Graciela Iturbide was deeply affected by her contact with the Mexican modernist master Manuel Alvarez Bravo who was teaching at the Universidad Nacional Autónama de México during her time there. From 1970-71 she worked as Bravo’s assistant accompanying him on his various photographic journeys throughout Mexico.
Iturbide is famous for her photographs that capture images of Latin America. Two projects in particular focused her lense on some of the indigenous people of the continent. In 1978 she captured the Seri Indians, a group of fisherman living a nomadic lifestyle in the Sonora desert in the north west of Mexico, along the border with Arizona. A later series, from 1979 – 1989, captured the Juchitán people who form part of the Zapotec culture native to Oaxaca in southern Mexico. Between 1980 and 2000, Iturbide was variously invited to work in Cuba, East Germany, India, Madagascar, Hungary, Paris and the US, producing a number of important bodies of work. She has enjoyed solo exhibitions at the Centre Pompidou (1982), San Francisco Museum of Modern Art (1990), Philadelphia Museum of Art (1997), Paul Getty Museum (2007), MAPFRE Foudation, Madrid (2009), Photography Museum Winterthur (2009), Barbican Art Gallery (2012), the Amparo Museum in Puebla, Mexico(2013) and the Tate Modern (2014) amongst others.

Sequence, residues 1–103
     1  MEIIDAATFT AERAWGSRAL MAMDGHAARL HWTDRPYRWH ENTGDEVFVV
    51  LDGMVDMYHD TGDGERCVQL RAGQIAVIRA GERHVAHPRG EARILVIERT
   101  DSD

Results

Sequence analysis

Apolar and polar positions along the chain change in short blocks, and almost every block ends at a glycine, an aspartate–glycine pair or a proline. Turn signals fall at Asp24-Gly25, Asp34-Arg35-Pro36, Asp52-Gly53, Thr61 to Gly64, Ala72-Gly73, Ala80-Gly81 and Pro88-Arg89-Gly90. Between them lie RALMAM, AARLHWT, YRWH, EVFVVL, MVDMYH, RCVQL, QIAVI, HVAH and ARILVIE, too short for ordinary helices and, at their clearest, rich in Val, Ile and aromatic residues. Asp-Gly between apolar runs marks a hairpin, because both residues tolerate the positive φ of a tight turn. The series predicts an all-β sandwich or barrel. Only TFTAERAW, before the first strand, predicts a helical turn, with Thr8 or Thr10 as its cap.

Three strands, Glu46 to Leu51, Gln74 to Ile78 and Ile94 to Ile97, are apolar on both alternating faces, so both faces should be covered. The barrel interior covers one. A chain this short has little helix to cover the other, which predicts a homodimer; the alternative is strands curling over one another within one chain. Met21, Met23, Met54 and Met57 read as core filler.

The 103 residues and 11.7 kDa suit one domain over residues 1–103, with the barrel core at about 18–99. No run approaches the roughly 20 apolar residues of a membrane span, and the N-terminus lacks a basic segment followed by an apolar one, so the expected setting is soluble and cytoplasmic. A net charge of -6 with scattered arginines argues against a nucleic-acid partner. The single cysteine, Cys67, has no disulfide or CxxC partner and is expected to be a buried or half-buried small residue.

Iturbide’s work is in numerous public collection including Casa de las Américas, Havana, Cuba; Casa de la Cultura de Juchitán, Juchitán, Oaxaca, Mexico; Musee National D´Art Moderne, Centre Georges Pompidou, Paris, France; Museum of Modern Art, San Francisco, California, USA; The Philadelphia Museum of Art, Philadelphia, USA; The Museum of Fine Arts, Houston, Texas, USA; The J. Paul Getty Museum Collection, Los Angeles, California, USA; Victoria and Albert Museum, London, United Kingdom; MAPFRE Foundation, Madrid, Spain and ESCALA Essex Collection of Art from Latin America, Colchester, United Kingdom.